By Bernard Vaughan and Chris Francescani
NEW YORK (Reuters) - An alleged senior al Qaeda figure pleaded not guilty in federal court on Tuesday to involvement in the 1998 bombing of the U.S. Embassy in Kenya, which killed more than 200 people.
Judge Lewis Kaplan ordered Nazih al-Ragye, better known as Abu Anas al-Liby, detained without bail as a flight risk, saying, "There are no conditions under which he could be released and ensure the safety of the community."
Al-Liby's court appearance comes 10 days after a U.S. Army Delta Force squad captured him in Tripoli and sent him to a U.S. Navy ship in the Mediterranean Sea for interrogation. He was brought to the United States during the weekend when his health began deteriorating.
Al-Liby, bearing a stern face and a long gray beard, walked slowly into the federal courtroom in New York. His hands were cuffed behind his back and he wore loose gray sweat pants, a black sweatshirt and beige socks with black flip-flop sandals.
Al-Liby faces several charges, including conspiring to kill U.S. nationals. The Nairobi bombing came the same day as an attack on a U.S. Embassy in Tanzania.
The courtroom was packed with reporters and law enforcement officials, including U.S. Attorney Preet Bharara, who declined to comment after the hearing.
Al-Liby, 49, spoke briefly during the hearing, saying through an interpreter that he understood the proceedings and could not afford a lawyer. A green Koran was on the table in front of him.
After his capture, Al-Liby was taken to a U.S. Navy ship for interrogation. Agents abandoned his interrogation after his health deteriorated and he stopped eating and drinking, a U.S. official said. His wife has said in media interviews that he suffers from hepatitis C.
Kaplan said during the hearing that he signed a medical order for al-Liby but he did not elaborate. David Patton, a federal defender representing al-Liby for the hearing, declined to comment to reporters on al-Liby's health after the hearing.
Patton said he had translated three paragraphs of the indictment against al-Liby and had "given him a general sense" of the indictment.
Al-Liby was observed around 1993 taking pictures of buildings near the American Embassy in Nairobi, Kenya. He later brought the pictures to a militant who eventually became a U.S. government informant and witness, according to testimony given at the trial of embassy bombing conspirators in 2001.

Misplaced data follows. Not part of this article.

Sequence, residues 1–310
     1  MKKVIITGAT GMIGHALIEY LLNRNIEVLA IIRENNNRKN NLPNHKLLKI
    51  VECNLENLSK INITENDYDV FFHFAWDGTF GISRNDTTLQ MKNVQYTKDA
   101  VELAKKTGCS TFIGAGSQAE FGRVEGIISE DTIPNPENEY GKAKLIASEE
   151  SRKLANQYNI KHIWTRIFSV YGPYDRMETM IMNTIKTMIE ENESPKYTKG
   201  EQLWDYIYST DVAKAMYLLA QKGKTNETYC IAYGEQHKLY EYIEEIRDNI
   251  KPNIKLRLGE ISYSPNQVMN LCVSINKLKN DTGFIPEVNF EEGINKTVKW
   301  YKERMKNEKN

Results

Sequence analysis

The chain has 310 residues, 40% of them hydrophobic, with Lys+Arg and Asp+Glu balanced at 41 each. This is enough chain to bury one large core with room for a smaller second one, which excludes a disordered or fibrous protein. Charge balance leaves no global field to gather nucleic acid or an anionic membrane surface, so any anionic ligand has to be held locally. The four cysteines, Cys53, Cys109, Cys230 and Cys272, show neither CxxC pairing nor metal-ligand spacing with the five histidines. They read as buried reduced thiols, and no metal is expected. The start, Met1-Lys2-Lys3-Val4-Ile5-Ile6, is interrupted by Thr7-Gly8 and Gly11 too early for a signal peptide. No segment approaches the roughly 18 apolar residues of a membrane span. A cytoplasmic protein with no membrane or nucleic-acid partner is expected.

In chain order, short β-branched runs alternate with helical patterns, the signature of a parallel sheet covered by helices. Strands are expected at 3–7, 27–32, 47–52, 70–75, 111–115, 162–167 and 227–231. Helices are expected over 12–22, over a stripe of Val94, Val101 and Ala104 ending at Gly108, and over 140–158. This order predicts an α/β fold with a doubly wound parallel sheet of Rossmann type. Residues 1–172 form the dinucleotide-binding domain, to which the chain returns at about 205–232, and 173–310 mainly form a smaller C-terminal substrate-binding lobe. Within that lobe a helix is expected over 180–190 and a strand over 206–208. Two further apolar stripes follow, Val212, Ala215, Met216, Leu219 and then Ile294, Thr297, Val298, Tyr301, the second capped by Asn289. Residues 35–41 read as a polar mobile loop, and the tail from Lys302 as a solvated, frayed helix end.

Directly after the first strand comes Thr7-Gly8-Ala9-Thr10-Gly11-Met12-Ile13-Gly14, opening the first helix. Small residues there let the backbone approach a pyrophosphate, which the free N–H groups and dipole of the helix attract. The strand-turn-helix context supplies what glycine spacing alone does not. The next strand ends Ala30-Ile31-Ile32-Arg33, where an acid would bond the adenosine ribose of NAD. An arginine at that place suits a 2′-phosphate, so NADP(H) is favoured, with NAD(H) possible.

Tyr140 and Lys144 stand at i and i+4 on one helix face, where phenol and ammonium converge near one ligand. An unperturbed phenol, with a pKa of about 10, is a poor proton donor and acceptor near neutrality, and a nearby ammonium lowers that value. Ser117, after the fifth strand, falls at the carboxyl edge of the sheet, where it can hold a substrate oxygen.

He also discussed a possible attack on the U.S. Embassy in Nairobi with other al-Qaeda members, according to an indictment.
An early recruit to what became al Qaeda's core organization, court records show al-Liby attended al Qaeda training in the early 1990s in camps and safe houses along the Afghanistan-Pakistan border and was alleged to have become one of the top computer experts and trainers for the group.
In 1993, after Osama bin Laden and much of his entourage had moved to East Africa, al-Liby was one of a group of security and communications operatives who worked under the command of Ali Mohammed. Mohammed was a former Egyptian Army soldier who later became a trainer for U.S. Special Forces and, later still, played a similar role for al Qaeda, at one point allegedly acting as a double agent for both the Americans and the militants.
Patton said in a prepared statement after the hearing that "the presumption of innocence is not a small technicality here."
Al-Liby, Patton said, is mentioned "in a mere three paragraphs" of a 150-page indictment "relating to conduct in 1993 and 1994 and nothing since."
"There is no allegation that he had any connection to al Qaeda after 1994, and he is eager to move forward with the legal process in this case," Patton said.
Kaplan set a date of October 22 to appoint a permanent defense lawyer to represent al-Liby.
Bharara, the Manhattan U.S. Attorney, declined to comment after the hearing.
The case is United States of America v. Hage et al, U.S. District Court, Southern District of New York, No. 98-cr-01023.
(Reporting by Bernard Vaughan and Chris Francescani; Additional reporting by Mark Hosenball and Joseph Ax; Editing by Eddie Evans and Bill Trott)